1. A good story
First and foremost, there has to be a strong sense of “dread” in any thriller. This is usually accomplished through the quest to prevent disaster from striking. There should be a high-concept plot with a shocking climax; the reader won’t get this through a story about someone who is trying to “find themselves”, but will if it’s about saving a person/a nation/the planet. Every scene should contain conflict and tension of some kind. Michael Crichton’s Jurassic Park springs to mind here.
2. An action-packed opening chapter
The introduction of a good thriller always sets the pace for the rest of the book; it should be tense and compelling, not a chance for the author to cram in a load of information about the characters’ backgrounds (this should come – subtly – later). Very early on in the book, it should be clear what the protagonist wants and what he or she fears.
3. A likeable protagonist
The reader should warm to the main character quickly and be able to identify with him or her. If they don’t feel any connection or sympathy towards the hero or heroine then, quite frankly, they won’t care what happens to them! The character should develop as the plot continues; they don’t have to be perfect – in fact, flaws in a personality are much more realistic – but the reader should become emotionally attached to them. A character who has a solid moral code and who has been hurt in the past will always help achieve this.
4. Multiple points-of-view
This isn’t the case with all thrillers – Steve Martini’s books are exceptions to this rule – but the majority of thrillers are written in the third person, with shifting points-of-view. This adds interest and complexity to the novel and allows the reader to see the story from different angles. It also increases the feeling of the aforementioned “dread”, as they have a better sense of the overall picture.
Each chapter should end with the ultimate cliffhanger, leaving the reader crying out: “Just one more!”. There’s nothing like a stunning shock, confession or unforeseen twist to encourage the reader to keep turning the pages. When the hero lands in deep trouble before the end of a section or chapter – stretching their determination, bravery and physical abilities to the max – the reader will want to see if they come out on top.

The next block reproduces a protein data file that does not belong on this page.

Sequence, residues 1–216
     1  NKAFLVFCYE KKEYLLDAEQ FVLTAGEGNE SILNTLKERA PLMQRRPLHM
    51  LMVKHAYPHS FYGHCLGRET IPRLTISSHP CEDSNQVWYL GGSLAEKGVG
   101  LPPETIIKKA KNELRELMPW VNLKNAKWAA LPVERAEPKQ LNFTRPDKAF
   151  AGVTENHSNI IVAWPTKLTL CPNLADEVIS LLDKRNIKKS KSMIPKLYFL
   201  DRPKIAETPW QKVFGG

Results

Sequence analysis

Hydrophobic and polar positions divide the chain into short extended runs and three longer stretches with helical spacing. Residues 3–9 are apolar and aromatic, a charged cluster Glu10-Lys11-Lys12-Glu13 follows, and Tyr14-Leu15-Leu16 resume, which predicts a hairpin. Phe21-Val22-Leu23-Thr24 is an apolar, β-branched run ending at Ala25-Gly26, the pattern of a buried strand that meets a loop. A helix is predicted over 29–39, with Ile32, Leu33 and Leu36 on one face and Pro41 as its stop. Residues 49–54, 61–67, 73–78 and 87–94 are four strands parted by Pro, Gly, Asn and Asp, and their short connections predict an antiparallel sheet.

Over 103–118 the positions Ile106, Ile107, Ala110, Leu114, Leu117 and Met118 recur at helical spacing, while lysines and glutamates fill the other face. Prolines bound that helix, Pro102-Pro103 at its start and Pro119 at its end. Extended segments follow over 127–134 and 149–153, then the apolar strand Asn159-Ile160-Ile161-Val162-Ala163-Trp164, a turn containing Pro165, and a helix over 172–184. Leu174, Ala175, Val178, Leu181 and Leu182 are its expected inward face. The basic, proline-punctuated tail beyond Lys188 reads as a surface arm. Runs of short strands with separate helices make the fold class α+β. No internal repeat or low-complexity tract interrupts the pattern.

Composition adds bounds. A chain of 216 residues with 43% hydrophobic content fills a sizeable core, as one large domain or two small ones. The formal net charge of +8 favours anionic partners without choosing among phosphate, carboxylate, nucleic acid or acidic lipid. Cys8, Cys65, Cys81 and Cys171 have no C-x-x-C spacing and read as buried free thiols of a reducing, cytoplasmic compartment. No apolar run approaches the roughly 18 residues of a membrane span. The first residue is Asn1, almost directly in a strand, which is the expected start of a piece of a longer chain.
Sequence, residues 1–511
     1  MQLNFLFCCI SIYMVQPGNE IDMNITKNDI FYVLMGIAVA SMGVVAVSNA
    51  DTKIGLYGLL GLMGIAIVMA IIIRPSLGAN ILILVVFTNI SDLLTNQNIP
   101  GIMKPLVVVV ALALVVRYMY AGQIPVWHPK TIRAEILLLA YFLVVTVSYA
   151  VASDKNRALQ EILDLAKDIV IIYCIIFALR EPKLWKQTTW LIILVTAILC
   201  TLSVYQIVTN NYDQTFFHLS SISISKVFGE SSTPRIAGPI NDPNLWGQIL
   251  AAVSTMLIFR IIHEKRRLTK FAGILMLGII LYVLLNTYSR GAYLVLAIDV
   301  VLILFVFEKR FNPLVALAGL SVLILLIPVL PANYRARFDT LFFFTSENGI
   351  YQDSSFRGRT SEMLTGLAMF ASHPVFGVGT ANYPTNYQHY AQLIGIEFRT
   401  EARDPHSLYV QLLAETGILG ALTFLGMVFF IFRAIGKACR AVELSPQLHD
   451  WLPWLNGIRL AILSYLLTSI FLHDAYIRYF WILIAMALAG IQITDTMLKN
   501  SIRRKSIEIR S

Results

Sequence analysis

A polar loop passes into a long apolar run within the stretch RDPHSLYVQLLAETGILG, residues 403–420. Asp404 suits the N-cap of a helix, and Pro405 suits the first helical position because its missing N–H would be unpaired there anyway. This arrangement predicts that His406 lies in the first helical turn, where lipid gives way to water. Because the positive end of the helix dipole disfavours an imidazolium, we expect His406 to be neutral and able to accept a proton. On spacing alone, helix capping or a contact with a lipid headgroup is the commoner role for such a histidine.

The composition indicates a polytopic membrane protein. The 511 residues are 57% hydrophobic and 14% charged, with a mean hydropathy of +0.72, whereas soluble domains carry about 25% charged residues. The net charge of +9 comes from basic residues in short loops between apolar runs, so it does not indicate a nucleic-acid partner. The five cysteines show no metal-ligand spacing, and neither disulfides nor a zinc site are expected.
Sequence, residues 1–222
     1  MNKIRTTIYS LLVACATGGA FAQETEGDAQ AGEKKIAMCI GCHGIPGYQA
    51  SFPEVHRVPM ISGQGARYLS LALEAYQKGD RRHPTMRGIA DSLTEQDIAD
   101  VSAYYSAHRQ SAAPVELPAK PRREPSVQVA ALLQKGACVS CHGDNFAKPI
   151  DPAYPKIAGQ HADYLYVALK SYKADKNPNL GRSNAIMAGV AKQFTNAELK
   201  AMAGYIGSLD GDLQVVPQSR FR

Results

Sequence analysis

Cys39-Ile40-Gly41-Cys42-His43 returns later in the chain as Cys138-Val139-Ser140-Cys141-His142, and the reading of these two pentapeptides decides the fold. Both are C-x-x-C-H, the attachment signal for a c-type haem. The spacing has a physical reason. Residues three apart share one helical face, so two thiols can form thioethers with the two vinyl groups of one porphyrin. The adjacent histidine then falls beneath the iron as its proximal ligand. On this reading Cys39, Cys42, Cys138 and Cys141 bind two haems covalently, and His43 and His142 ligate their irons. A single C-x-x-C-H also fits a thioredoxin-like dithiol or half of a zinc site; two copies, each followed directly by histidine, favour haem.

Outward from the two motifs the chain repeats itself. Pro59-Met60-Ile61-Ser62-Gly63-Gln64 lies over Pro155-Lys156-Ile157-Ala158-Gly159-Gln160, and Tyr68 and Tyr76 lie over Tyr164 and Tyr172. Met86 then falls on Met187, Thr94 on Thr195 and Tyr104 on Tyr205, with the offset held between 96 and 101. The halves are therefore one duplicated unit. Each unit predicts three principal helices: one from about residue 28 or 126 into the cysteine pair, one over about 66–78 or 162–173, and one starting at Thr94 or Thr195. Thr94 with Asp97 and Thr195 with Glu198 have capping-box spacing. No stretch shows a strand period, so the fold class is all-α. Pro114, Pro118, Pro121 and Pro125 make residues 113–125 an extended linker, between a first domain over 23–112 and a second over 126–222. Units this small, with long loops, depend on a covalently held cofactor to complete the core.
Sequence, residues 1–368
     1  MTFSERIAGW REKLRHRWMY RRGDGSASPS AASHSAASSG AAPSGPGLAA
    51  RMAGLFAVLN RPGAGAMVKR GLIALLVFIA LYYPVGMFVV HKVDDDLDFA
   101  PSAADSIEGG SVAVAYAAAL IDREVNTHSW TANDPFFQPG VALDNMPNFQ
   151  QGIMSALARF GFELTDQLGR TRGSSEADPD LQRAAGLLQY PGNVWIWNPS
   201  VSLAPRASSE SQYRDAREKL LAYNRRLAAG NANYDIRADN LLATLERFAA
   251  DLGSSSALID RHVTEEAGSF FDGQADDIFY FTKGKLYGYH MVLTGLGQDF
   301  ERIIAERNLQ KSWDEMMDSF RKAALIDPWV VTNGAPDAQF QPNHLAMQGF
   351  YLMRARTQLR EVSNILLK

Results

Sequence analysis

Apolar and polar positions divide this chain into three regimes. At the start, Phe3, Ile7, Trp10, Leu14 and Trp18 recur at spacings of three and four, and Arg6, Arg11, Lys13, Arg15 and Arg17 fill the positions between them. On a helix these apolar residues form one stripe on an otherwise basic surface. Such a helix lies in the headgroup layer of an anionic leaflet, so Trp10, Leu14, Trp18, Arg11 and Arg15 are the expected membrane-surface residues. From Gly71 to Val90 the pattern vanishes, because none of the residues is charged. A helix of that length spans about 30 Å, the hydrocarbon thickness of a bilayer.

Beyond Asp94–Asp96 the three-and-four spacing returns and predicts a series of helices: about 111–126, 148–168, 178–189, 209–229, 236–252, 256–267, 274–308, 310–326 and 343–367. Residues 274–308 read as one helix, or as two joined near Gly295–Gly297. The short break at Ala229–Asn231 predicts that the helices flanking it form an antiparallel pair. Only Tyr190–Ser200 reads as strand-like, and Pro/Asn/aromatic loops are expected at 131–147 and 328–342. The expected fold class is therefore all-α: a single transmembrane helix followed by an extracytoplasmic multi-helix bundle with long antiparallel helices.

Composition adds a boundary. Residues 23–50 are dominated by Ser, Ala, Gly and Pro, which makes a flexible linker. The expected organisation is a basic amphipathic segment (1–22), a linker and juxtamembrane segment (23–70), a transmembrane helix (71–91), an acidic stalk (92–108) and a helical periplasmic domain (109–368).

6. Ticking clock
Thrillers often have a race-against-time aspect to them – something that adds to the suspense and fuels the reader’s adrenaline rush. Whether it is a (literal) ticking time bomb or a criminal who will be sentenced to death in 48 hours if not proven innocent, this really adds to the pace of the book.
7. A world-class nasty villain
The antagonist needs to be as determined and clever as the protagonist, but also utterly immoral, terrifying and nasty at the same time. It helps if the reader can watch the villain in action and can see the crimes taking place; this makes us despise the antagonist even more and adds to the excitement.
8. Character growth
A thriller is always made better if the main character becomes mentally stronger as the story unfolds, showing some sort of victory against his or her personal demons. For example, in Thomas Harris’ The Silence of the Lambs, Clarice becomes stronger and tougher at the end, and is finally seen as a professional FBI agent in what was a male-dominated profession.
9. Teach us something
While we’re not looking for an information overload with this kind of book, a good thriller should always teach the reader something so they can go away feeling more informed on a subject – whether that subject is a social issue or a medical treatment. Sometimes, a story peppered with facts and accurate details can make the plot more believable.
10. An epic ending
A good thriller always has an epic ending that will blow your mind; an ending that will stay with you for days, if not weeks, after reading the final page. Sometimes, the ending will come as a surprise, even changing the entire meaning of the story and forcing you to rethink everything you thought was “real”. In fact, you may find you’ll have to read the book again to actually understand it. Without revealing any spoilers, Harlan Coben’s Tell No One, and Gillian Flynn’s Gone Girl are examples of thrillers with truly spectacular endings. Unhappy or unresolved endings should be saved for literary fiction; in a thriller, the protagonist should overcome the antagonist – but only by an inch.
So, these are what we believe to be the main elements of an edge-of-your-seat thriller. Would you add any extra points to the list? And what are your most memorable pieces of thriller fiction? We’d love to hear from you in the comments box below.
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